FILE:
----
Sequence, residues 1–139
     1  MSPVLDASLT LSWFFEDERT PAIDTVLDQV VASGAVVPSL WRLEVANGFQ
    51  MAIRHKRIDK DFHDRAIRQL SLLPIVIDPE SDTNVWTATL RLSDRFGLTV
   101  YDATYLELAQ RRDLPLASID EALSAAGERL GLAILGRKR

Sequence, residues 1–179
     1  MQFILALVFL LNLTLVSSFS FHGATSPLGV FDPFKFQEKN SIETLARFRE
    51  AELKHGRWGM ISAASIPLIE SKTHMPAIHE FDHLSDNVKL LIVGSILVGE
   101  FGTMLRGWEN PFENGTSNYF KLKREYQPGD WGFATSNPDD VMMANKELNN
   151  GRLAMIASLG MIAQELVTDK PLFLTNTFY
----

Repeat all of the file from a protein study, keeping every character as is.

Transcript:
Sequence, residues 1–139
     1  MSPVLDASLT LSWFFEDERT PAIDTVLDQV VASGAVVPSL WRLEVANGFQ
    51  MAIRHKRIDK DFHDRAIRQL SLLPIVIDPE SDTNVWTATL RLSDRFGLTV
   101  YDATYLELAQ RRDLPLASID EALSAAGERL GLAILGRKR

Sequence, residues 1–179
     1  MQFILALVFL LNLTLVSSFS FHGATSPLGV FDPFKFQEKN SIETLARFRE
    51  AELKHGRWGM ISAASIPLIE SKTHMPAIHE FDHLSDNVKL LIVGSILVGE
   101  FGTMLRGWEN PFENGTSNYF KLKREYQPGD WGFATSNPDD VMMANKELNN
   151  GRLAMIASLG MIAQELVTDK PLFLTNTFY